PAPER
on the front lines of cultural chaos since 1984.

If you left Tramps before DJ Shadow made his New York live debut late one night last month, you missed more than just a mind-bending performance. The heads that remained were quickly sucked in by the sick elephantine beats that typify Shadow's sound, as heard on his masterful debut album, Endtroducing.....DJ Shadow (MoWax/ffrr). Included in the mix was a reworking of the brilliant pipe-organ-fueled track "Organ Donor," which got the small core of fans wide-open at the same time enlightening them about the varieties of the hip-hop experience. Shadow is unique in that not only is he a purveyor of fine beats, he's also on a bit of a mission. "Hopefully it sort of broadened a lot of minds," Josh Davis (aka Shadow) says from his home in Davis, California, of his recently completed U.S. tour, "by showing people that don't normally listen to hip-hop that it's a vast genre, it's not all one thing as some people think."

At the age of 24, the northern California native (he's lived in Davis since attending the state university there he graduated in 1995 with a double major in computer engineering and rhetoric) is the most visible artist in a virtually faceless offshoot of hip-hop that is by its indefinable nature label-resistant ("trip-hop" has, reluctantly, become a sort of catchall). The rise in popularity of turntables and samplers, as well as their affordability compared with traditional instruments, has given birth to a generation of kids who are just as content bobbing their heads to a fat beat and a funky groove as they are memorizing every rhyme in a Beastie Boys song. "One of the greatest things hip-hop culture gave to I was gonna say to the kids of the world anyone in the world is that it was always about taking what was around you and making it accessible to anyone, making music out of what was already done." Hip-hop has always known this, snatching snippets from funk and soul, even reaching back to jazz. "I think instrumental music is different from rap instrumentals," Davis says, "and I think a lot of what passes off as instrumental hip-hop is just sort of beats. It sounds like a resume to give to a rapper."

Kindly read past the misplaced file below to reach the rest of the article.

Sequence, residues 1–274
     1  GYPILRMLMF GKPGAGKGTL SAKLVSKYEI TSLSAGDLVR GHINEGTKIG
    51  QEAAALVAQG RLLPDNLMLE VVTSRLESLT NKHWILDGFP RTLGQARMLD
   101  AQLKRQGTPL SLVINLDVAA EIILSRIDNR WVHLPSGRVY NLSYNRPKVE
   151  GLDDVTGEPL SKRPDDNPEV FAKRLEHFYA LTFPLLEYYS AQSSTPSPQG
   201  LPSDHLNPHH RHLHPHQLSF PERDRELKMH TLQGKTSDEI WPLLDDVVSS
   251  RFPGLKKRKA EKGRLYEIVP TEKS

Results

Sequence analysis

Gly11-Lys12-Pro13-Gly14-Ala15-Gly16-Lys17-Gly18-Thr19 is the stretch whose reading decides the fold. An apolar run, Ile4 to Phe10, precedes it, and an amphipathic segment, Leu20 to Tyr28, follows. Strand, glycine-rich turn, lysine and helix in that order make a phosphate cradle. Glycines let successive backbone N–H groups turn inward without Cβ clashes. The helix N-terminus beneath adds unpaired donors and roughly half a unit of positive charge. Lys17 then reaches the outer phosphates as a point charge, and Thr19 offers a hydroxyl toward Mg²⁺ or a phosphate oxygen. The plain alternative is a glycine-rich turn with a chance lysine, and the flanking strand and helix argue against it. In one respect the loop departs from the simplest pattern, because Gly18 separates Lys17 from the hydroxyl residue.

What sets Shadow and other creators of instrumental DJ-based music apart is the revolutionary idea of expanding the musical palette to include any sound ever recorded and then manipulating or rearranging whatever is sampled beyond recognition, so that the new noise is entirely the DJ's own. Every heavy drum beat, haunting melody or driving bass line on Endtroducing is culled from Shadow's enormous record collection and then tweaked, using a sampler or sequencer, so that each song, as well as the album as a whole, is really a construction, a sonic collage. Whether it's the supercharged jump-up beats of "The Number Song," the melancholy "Stem/Long Stem" or the runaway rhythm of "Napalm Brain/Scatter Brain," Shadow never stops keeping you guessing or thinking. What's amazing is that as varied as each track is often switching tempo several times within a single song after listening to the album to its conclusion, it's impossible to come away unmoved or without a sense of Shadow's style. "It's important to me that the album sounds like there's a thread that runs through it," he says. "All my favorite albums are meant to be absorbed in one sitting, and also sound good just to visit."

Producing this overarching vibe required more than just an idea for a theme; Shadow's creative process was key to attaining his goal. "I would work for a couple weeks on a song and then before it was done just quit and start another song, so they were all sort of building up at the same time," he explains. "There was never a song that was finished before another song until the last month. Tracks tend to change and evolve away from their original intent, usually for the better."

As far as what Shadow is trying to convey through his music, it's not so much a specific feeling as it is an awareness that a human is behind the sounds you hear. Declining to nail down exact meanings, Shadow does say that, "Every song on the record, if it makes you feel somewhat alienated or if it makes you feel like having a good time or if it makes you somewhat melancholy, that's all pretty accurate." He actually wrote and sang lyrics for "Stem/Long Stem," believing that he needed to for the song to feel finished, even though he knew they wouldn't end up on the final version.

With the spotlight shining so brightly on him, perhaps DJ Shadow should think about changing his name. But at his Tramps show, it was clear that the name fits: Even after DJing with the San Fran duo Latyrx, some people weren't even aware that he was in the house. Shadow, as always, is quick to highlight the positive: "Even the hard heads and B-boys that don't want to accept anything different had to at least acknowledge that there is a vital presence outside of just the same old shit."

Comments...